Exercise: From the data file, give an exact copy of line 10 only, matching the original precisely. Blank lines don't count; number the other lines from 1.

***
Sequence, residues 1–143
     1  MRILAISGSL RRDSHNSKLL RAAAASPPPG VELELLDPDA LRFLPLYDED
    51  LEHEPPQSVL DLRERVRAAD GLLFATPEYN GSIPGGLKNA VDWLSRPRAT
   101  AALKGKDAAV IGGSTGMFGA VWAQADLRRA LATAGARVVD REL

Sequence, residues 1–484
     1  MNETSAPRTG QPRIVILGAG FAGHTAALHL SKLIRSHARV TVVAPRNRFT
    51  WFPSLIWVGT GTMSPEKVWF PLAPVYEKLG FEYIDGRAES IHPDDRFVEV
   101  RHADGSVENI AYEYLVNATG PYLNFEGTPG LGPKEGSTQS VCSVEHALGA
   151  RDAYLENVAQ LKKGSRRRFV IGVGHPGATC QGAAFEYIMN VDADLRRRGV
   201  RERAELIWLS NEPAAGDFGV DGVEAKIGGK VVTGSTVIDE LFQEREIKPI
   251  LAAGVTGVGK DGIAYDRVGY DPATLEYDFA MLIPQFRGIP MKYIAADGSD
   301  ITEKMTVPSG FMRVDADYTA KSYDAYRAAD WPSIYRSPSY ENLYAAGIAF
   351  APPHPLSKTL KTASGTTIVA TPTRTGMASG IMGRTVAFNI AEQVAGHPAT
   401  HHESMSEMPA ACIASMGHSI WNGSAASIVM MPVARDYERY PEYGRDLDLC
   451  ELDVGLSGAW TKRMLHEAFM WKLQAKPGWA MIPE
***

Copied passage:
   201  RERAELIWLS NEPAAGDFGV DGVEAKIGGK VVTGSTVIDE LFQEREIKPI